In Psych-Out (D: Richard Rush, 1968; with Max Julien, Susan Strasberg,
Jack Nicholson, Dean Stockwell, Bruce Dern), deaf 17-year-old waif Strasberg
makes her way to summer-of-love San Francisco to look for her long-lost brother and
recruits Nicholson, Stockwell, and Julien to help her search. Along the way she discovers
the allure of the hippie lifestyle, tunes in, turns on, and drops out, all the while
developing a crush on heel Nicholson. Nicholson, as guitarist for his band Mumblin'
Jim (seeing a ponytailed Nicholson fake his way through a bad "Purple Haze"
ripoff is worth seeing by itself; "Stumblin' Jim" would have been a better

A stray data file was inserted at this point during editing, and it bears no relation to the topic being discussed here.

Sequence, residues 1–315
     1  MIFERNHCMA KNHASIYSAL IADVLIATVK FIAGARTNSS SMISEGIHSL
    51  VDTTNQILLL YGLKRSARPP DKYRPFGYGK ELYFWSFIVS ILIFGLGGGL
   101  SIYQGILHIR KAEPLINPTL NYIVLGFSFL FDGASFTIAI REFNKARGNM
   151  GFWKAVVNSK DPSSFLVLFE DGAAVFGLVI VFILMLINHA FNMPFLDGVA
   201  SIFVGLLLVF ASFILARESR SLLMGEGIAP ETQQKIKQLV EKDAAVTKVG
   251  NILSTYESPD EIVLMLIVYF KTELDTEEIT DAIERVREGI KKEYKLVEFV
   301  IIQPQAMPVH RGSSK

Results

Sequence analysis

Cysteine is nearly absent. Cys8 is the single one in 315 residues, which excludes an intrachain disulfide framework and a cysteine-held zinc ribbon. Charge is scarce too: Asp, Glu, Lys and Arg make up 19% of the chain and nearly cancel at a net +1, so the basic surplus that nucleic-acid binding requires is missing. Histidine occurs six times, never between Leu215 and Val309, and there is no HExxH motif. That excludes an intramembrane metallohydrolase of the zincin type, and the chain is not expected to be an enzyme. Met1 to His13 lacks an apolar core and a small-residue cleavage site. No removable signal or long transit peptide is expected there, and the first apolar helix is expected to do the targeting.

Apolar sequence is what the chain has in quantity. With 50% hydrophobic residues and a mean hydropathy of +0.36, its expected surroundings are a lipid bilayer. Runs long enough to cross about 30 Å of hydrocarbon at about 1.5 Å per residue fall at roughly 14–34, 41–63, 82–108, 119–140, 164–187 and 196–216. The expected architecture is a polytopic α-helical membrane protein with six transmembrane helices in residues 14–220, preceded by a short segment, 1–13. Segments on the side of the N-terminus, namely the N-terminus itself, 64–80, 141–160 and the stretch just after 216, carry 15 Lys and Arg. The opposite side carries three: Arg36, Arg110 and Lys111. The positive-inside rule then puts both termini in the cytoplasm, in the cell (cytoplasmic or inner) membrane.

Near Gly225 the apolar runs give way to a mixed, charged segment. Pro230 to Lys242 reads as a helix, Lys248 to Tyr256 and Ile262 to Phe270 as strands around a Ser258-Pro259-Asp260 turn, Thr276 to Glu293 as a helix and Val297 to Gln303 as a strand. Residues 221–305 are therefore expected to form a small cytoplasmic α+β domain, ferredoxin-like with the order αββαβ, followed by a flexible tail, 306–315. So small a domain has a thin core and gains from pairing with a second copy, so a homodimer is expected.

name), is a callous jerk, ignoring Strasberg's feelings for him. Stockwell, however,
sees through him like a Ziploc bag half full of "maryjane" and pledges
his help in the search for Strasberg's sib. The brother turns out to be an LSD-addled
Bruce Dern (surprise!), dressing in white robes and fancying himself a sort of brain-damaged
mystic from all the acid. Poncey psychedelic rockers the Strawberry Alarm Clock play
a song or two, as well as seminal garage punks the Seeds. It's not as cheesy as it
sounds; the screenplay lends real depth to the characters, and Laszlo Kovacs' imaginative
camera work gives it an appropriate Sixties-psych look.
Other Films by Richard Rush
The Stunt Man
Film Vault Suggested Links
Fear and Loathing in Las Vegas
Box of Moonlight
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